Information Drop**:** “Hello World!” is a programming…for lack of a better word…term. Many times when someone creates their very first applications, it’s a Hello World Command Prompt; usually these will simply be a Windows Command prompt that comes up and prints the string “Hello World!”.
Hello World programs are a great start point as these programs can be created in whatever language and help teach the basic such as printing a string, setting up an executable file, compiling and debugging, etc.
Step 21: Resize the Text Block by dragging out from the white diamonds or changing the X Size and Y Size under the Slot tab on the right side of the blueprint. You can change some setting under the Appearance tab if you wish; in the picture above I increased the font size from 24 to 32.
Step 22: Once you’re done changing the Text to an appearance you like, navigate to the left side of the screen and drag out an Image from the Palette. This image will act as a background for the Text Block; it will have a distinct color to represent the NPC (green) while the background for player dialogue choices will have
its own color (dark blue).
Step 23: Place the image over the Text Block. This is probably a good time to tell you to center both the Text Block and the Image; you can CRTL Click them from the Hierarchy tab and drag them into the middel (eye-ball this, we’ll make it accurate in a bit).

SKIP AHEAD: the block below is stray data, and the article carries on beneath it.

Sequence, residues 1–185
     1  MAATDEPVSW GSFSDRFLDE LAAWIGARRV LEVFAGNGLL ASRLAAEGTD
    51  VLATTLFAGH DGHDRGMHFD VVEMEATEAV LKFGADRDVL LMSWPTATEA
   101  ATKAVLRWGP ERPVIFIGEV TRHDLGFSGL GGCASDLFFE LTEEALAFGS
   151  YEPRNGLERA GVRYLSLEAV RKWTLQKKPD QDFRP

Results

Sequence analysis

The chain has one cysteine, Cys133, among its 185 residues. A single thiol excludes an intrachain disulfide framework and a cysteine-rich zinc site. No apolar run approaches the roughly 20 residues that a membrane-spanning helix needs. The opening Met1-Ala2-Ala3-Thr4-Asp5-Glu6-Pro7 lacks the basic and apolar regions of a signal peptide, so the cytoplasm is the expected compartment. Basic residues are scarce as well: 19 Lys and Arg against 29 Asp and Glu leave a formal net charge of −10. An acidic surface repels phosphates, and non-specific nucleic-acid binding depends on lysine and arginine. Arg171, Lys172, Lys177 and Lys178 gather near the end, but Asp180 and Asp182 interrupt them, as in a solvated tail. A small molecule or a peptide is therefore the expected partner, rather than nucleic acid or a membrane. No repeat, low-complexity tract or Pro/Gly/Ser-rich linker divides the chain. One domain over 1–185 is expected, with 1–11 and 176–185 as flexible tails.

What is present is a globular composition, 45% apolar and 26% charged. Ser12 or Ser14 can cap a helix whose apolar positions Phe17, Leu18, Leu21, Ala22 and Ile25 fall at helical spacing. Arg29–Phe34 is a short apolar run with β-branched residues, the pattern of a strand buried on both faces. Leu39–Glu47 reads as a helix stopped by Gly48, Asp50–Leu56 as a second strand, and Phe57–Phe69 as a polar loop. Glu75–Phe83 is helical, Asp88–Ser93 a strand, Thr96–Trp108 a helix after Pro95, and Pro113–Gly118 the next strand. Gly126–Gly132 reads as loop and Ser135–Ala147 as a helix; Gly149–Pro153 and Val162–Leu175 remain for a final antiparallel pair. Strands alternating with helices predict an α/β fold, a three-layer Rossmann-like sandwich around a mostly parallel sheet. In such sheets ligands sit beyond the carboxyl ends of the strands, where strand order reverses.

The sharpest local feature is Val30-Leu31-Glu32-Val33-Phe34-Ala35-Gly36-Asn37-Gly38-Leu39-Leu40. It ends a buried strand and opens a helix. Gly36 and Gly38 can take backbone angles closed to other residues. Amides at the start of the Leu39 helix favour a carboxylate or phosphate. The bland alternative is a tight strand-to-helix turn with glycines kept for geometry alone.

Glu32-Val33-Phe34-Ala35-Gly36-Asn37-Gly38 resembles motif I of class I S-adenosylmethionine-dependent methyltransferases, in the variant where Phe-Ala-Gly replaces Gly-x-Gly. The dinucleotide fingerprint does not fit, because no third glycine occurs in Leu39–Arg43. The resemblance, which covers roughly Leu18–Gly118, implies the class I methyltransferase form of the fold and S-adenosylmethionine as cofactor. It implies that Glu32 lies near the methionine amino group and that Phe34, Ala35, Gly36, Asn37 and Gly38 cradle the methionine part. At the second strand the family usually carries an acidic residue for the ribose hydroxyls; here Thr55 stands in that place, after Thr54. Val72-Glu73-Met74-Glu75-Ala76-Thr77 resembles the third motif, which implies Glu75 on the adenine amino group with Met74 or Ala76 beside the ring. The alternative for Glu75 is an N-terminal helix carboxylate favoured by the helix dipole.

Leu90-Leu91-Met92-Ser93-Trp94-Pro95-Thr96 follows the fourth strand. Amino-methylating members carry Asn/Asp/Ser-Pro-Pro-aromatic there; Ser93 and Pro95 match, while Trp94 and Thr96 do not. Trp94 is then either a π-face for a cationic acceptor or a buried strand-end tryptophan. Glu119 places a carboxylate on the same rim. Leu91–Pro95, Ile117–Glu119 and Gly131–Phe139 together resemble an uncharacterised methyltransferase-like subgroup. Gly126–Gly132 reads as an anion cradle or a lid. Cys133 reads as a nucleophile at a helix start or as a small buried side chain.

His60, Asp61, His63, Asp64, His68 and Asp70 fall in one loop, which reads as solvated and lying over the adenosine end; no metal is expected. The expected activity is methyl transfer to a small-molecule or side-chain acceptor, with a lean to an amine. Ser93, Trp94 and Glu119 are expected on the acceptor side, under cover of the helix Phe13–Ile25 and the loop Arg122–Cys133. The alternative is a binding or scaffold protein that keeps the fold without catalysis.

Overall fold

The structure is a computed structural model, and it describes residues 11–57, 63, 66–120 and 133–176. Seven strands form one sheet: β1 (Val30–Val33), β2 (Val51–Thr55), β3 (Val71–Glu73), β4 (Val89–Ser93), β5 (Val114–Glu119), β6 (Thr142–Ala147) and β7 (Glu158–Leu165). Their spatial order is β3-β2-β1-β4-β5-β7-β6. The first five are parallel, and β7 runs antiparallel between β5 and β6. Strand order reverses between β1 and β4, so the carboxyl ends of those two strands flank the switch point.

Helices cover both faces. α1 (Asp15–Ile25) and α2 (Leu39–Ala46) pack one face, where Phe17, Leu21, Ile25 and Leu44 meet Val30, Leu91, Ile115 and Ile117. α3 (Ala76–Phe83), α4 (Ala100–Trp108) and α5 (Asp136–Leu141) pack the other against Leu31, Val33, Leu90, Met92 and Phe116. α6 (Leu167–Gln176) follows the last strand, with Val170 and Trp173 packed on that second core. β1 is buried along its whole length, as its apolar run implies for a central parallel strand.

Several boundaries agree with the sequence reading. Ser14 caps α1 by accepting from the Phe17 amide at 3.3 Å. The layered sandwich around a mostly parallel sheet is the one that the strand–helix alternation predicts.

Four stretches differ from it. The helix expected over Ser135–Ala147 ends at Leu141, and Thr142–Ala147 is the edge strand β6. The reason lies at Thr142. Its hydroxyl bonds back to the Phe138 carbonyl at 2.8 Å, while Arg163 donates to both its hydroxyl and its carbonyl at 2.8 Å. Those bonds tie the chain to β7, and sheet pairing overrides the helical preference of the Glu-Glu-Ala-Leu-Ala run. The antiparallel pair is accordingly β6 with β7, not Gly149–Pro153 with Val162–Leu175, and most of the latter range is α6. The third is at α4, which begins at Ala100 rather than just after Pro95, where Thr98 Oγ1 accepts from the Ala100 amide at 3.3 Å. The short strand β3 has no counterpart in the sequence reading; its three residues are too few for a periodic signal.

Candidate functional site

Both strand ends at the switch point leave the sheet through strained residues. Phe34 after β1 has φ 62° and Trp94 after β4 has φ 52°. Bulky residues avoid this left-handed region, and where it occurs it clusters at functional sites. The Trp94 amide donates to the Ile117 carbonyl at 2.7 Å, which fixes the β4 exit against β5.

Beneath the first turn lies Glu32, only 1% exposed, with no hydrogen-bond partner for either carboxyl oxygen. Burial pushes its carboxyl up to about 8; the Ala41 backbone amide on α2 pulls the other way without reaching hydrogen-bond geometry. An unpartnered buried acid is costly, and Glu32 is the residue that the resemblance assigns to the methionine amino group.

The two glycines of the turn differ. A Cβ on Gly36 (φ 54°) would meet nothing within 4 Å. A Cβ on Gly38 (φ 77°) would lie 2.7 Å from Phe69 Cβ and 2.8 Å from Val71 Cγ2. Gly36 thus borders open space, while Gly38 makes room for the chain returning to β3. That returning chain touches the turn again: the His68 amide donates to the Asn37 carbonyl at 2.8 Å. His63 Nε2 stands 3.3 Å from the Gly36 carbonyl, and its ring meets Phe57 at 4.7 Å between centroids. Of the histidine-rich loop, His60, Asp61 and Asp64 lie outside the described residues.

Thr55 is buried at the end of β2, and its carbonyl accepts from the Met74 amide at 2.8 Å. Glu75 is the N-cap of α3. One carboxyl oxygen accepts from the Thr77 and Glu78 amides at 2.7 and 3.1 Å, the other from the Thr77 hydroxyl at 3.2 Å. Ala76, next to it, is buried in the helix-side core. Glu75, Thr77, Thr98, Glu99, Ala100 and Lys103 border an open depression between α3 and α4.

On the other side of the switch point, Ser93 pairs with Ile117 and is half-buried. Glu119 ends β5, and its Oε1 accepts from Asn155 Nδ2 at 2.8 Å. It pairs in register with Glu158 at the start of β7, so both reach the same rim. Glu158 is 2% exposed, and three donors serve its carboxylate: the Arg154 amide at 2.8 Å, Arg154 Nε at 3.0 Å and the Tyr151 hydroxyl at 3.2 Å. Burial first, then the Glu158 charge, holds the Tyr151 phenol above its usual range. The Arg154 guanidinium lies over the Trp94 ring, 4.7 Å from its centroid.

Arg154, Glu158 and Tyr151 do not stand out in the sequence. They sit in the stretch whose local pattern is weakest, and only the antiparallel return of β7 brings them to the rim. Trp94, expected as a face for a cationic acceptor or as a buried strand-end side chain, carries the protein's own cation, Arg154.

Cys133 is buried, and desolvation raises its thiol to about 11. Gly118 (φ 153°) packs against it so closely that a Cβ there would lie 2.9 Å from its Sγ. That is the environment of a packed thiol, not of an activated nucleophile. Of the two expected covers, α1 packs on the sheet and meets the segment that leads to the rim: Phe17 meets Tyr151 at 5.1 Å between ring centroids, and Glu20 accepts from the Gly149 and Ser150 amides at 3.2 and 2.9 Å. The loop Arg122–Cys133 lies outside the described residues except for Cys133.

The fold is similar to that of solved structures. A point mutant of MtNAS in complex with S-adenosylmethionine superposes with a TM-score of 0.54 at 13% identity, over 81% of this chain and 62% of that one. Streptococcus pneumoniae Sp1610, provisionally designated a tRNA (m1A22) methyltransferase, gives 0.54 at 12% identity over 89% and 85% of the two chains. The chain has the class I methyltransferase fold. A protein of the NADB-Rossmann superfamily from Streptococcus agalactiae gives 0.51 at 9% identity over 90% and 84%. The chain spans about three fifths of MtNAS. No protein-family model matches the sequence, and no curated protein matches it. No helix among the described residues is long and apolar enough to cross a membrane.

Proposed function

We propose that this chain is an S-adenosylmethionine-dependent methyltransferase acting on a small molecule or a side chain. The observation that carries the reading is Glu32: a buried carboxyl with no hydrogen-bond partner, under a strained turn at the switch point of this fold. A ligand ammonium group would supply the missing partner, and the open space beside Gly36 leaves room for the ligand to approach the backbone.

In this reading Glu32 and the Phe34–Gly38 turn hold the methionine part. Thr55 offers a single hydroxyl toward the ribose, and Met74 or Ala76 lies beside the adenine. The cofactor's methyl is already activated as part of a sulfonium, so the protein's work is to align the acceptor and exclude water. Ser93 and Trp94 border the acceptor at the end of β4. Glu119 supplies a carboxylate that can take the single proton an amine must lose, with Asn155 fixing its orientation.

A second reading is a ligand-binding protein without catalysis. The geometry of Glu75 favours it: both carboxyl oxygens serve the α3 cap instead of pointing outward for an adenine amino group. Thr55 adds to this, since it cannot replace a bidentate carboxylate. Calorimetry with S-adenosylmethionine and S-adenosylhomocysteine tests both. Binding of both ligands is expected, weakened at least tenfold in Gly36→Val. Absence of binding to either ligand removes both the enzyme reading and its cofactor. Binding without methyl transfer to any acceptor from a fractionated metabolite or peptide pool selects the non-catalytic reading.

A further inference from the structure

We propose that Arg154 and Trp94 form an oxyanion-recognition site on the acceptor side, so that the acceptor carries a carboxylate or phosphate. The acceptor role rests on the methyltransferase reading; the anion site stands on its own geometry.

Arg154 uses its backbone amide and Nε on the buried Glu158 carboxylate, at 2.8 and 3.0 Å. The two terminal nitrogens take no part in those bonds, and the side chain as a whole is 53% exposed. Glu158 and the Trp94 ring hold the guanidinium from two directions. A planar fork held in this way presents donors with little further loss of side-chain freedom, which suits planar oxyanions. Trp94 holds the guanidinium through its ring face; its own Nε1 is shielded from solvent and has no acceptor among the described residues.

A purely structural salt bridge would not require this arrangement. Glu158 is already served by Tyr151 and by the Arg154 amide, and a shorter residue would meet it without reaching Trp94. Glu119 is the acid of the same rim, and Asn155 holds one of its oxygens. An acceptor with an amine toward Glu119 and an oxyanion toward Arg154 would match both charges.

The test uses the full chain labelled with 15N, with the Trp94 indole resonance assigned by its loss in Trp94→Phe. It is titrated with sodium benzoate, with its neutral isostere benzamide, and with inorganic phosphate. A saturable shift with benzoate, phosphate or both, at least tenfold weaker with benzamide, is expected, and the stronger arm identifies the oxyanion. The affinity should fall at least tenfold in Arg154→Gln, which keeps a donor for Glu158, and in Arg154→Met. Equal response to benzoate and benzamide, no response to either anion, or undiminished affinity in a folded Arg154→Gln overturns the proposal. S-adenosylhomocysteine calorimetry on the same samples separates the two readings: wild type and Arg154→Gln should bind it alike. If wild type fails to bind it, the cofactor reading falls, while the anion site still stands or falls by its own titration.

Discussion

Information Drop**: **A “CRTL Click” (or “Control Click” if you prefer) is a method used to select multiple files, objects, etc. on a computer. It consists of holding down the CRTL key and clicking on all of the things you’d like to select. CRTL Clicking is NOT a UE4 specific command; it can be done in Windows Explorer, Firefox,
your Desktop, etc.
For those of you that know about CRTL Clicking you’re probably wondering why I even took the time to explain this, but I’ll fully admit it wasn’t until I got into game development that I figured out about it so if anyone new to development is reading this I bet you ten bucks they had no idea about it (more than likely anyway).
Step 24: Navigate back to theHeirarchy tab and click on the Image. In the Heirarchy tab, drag the Image above the Text Block (or drag the Text Block below the Image if you prefer).
Step 25: Now select the Image and look to the right side of the screen. Click on Color and Opacity under the Appearance tab and change the color to some form of green; this color will act as a designation. Any text with a green background is a line of dialogue from out NPC, while any with the color blue is a line of